Chances are, if you’re reading this article, you have at least one smart home device in your household. After all, according to several studies on the topic, nearly half of U.S. households currently have at least one. From smart speakers and connected thermostats to light bulbs and video cameras, these gadgets have quickly moved from cutting edge to mainstream.
If you have multiple smart devices in your home, you’ve likely discovered what’s keeping much of the remaining half of U.S. households from buying their first one. It’s hard to make them work together. Instead of realizing the dream of a seamless Internet of Things (IoT), you’ve probably ended up with my favorite take on that acronym: Isolated Islands of Technology.
Part of the problem is that there are multiple large companies vying to maintain control over smart homes due to the large business opportunity and influence that this category of products is expected to have over the coming years. While competition has clearly been a great thing for driving important innovations in the tech world overall, when it comes to getting devices optimized for different ecosystems to work together, well, things can get tough. In other words, getting Amazon Alexa-focused devices to work with Google-powered Nest devices through an Apple-created app on your iPhone is often way more trouble than it’s worth.
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Thankfully, big (and small) players in the smart home market recognized this challenge a few years back and started working on a single smart home standard that’s expected to solve these kinds of interoperability issues. Now called Matter (a vast improvement over the original Project Connected Home over IP, or CHIP, standard) and expected to be finalized and released this year, this smart home connectivity standard is being supported by big ecosystem vendors including Amazon, Apple and Google, as well as device companies ranging from Dyson and GE Lighting to Samsung and Sonos.
Matter is designed to make it easy to mix and match devices from different vendors and have them all be controlled and/or coordinated by applications that can run across a range of devices. In other words, with Matter-compatible devices and software, everything should just work. Plus, many of the capabilities of the Matter protocol are designed to work without requiring an internet connection.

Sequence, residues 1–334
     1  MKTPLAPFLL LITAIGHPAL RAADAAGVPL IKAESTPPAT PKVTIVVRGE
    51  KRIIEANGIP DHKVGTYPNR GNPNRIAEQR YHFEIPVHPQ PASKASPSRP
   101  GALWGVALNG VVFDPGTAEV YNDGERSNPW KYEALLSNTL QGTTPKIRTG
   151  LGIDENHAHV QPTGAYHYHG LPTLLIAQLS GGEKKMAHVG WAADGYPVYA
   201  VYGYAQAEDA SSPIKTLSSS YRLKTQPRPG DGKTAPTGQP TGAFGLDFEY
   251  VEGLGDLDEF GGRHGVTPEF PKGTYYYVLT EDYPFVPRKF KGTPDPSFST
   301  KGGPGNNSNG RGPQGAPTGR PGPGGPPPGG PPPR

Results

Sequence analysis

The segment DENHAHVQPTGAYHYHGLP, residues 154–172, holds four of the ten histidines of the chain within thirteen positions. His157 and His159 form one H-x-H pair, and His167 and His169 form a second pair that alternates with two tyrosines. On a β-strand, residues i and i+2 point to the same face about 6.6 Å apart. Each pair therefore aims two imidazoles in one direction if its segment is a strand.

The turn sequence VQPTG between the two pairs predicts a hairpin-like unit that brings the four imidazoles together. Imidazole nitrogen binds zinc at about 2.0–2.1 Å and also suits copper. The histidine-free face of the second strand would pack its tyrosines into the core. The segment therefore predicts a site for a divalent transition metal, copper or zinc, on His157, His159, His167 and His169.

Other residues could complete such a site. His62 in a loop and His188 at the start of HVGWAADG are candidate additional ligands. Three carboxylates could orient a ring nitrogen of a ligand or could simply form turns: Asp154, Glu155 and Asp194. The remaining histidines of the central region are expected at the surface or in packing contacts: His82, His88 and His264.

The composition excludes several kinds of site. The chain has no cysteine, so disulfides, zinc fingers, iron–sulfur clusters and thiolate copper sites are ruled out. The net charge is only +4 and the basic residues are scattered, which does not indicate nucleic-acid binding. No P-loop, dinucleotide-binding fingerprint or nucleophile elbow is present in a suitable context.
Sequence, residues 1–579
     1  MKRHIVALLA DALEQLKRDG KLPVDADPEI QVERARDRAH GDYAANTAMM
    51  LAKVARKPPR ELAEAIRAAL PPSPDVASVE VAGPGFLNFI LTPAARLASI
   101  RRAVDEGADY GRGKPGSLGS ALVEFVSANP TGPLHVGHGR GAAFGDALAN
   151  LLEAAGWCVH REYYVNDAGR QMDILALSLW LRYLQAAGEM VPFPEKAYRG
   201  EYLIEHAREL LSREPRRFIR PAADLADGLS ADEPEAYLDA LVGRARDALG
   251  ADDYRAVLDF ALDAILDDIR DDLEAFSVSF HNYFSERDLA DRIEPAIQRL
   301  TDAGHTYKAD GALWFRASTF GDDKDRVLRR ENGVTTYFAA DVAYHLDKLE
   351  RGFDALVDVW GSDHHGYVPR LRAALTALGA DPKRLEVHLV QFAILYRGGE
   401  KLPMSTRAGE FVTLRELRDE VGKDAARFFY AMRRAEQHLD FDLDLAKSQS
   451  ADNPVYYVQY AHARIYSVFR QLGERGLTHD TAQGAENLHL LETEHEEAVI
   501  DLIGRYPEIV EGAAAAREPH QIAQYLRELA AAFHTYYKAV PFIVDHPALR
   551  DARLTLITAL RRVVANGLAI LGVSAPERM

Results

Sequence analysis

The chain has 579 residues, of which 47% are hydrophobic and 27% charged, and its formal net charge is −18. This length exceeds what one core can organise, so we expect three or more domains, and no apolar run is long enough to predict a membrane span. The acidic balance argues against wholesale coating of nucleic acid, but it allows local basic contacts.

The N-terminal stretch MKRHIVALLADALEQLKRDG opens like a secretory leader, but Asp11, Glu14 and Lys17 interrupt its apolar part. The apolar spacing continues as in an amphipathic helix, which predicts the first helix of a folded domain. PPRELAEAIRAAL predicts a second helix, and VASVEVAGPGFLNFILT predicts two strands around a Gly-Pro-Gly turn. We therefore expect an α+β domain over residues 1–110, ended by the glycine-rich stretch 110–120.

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While it certainly made sense to leverage the cloud-computing capabilities of early connected smart home devices, potential privacy and security concerns have become significantly more important issues since they were first introduced. Today, many homeowners would prefer that information about the activities or devices they use in their homes are not shared across the internet, and Matter will enable that capability as well.
This is particularly important for smart homes, because many of these devices are more appliance-like – meaning they are essentially built into homes – making the process of replacing them significantly more involved than just upgrading your smartphone or PC to the latest model. Again, realistically, this is going to take some homework on your part to determine if you can find the right gateway/bridge device for the smart home gadgets you already own – or, at the very least, the ones you really don’t want to have to replace.
The promise of smart home technology has always been an appealing one, and even many of the early efforts have dramatically changed how some people do certain activities or interact with their homes. At the same time, the smart home market has never achieved the level of success that many initially predicted it would because of the frustrations involved in trying to get multiple devices to work together.
Thankfully, given all the industry efforts and the range of participants behind the Matter standard, it looks like some of the promise of a Jetsons-like smart home could now really come to life.